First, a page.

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Josie Mother Cavellucci – Stefani Moore

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Josie Mother Cavellucci – Stefani Moore
Mother Cavellucci is famous for trying to get out of the World War II draft by showing up at her draft board in drag. They took her anyway. As the story goes, she settled in New Hope in the 1950s after her Catholic South Philly family wanted nothing to do with her for being gay. During the AIDS crisis, Mother was famous for raising more money selling raffle tickets for charity benefits than anyone else in town. At the benefit shows, the beauty queens would all be a bit miffed when Mother walked off the stage with more tips than they. Everyone would line up to pay her tribute.

Mother made the New Hope gay community feel like a family. She considered us all her children. She either called you her son or daughter, and she would tell stories about how each of us were born. At The Raven one night, while sipping Miller Lite from a wine glass, Mother told me, “Years ago I was attacked and gang-raped. They took advantage of me all night long. Twelve months later, Ricky Paris was born.”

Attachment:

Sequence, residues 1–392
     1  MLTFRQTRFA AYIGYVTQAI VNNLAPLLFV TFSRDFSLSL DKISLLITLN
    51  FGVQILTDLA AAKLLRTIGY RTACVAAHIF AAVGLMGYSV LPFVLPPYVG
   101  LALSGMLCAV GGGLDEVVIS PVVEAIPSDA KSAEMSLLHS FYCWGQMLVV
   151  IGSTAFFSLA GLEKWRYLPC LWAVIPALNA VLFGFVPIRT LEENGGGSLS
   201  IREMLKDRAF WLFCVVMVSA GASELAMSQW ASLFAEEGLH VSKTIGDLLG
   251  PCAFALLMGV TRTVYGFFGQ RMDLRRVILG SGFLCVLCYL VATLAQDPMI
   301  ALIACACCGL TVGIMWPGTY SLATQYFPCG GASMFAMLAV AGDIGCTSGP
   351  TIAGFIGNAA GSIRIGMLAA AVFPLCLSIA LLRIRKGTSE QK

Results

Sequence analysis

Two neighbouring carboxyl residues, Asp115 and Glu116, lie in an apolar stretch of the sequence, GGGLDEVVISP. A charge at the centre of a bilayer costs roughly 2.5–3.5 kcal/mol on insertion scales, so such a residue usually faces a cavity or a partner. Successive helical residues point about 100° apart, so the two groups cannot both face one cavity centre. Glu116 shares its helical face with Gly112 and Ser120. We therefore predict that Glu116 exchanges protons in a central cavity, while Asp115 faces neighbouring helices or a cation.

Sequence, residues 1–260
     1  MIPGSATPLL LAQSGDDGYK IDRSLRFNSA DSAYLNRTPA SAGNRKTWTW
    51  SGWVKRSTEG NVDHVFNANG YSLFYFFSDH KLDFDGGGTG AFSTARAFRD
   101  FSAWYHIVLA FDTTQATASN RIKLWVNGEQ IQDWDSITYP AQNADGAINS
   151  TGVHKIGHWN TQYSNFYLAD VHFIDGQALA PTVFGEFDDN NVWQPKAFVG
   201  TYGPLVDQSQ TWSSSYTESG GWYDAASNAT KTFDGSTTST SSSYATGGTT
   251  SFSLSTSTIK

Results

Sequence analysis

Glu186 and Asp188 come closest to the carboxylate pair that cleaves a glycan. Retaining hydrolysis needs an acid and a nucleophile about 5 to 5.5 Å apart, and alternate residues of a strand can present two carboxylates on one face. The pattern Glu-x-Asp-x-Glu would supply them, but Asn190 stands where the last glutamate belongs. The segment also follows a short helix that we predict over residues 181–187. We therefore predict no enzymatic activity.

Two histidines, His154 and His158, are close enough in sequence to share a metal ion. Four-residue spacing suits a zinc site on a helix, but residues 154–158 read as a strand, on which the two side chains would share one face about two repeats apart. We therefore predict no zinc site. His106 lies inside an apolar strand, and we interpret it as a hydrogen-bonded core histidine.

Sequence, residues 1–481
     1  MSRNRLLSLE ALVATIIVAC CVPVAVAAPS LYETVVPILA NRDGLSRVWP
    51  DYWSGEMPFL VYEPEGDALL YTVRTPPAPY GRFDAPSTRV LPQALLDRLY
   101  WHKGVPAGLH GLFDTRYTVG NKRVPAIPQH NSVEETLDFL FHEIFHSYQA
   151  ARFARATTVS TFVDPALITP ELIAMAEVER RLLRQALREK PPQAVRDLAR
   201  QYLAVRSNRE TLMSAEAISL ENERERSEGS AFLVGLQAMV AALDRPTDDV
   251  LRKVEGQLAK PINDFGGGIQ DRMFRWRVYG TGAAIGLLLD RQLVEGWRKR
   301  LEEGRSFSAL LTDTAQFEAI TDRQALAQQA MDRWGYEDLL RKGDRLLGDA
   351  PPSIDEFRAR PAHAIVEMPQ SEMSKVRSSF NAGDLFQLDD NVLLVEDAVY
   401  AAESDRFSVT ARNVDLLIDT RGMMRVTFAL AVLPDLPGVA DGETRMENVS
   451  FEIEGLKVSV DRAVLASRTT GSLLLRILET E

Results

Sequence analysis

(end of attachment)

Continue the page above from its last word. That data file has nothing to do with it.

Mother went to church every Sunday. When she died in 2000, we held a memorial service at Saint John’s in Lambertville. We asked the priest if we could sing Mother’s favorite number, Hello Dolly, during the service, but he said it wasn’t appropriate. He did let us sing God Bless America.

Mother is buried in Thompson Memorial Cemetery. Though the grave stone lists her birthdate as 1925, her age was always a bone of contention among locals and remains a mystery to this day.

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Jack Rosen (1923 – 2006)

Jack Rosen was a noted freelance photojournalist, also considered to be the “photographer laureate” of New Hope and Bucks County, PA, documenting area events, trends,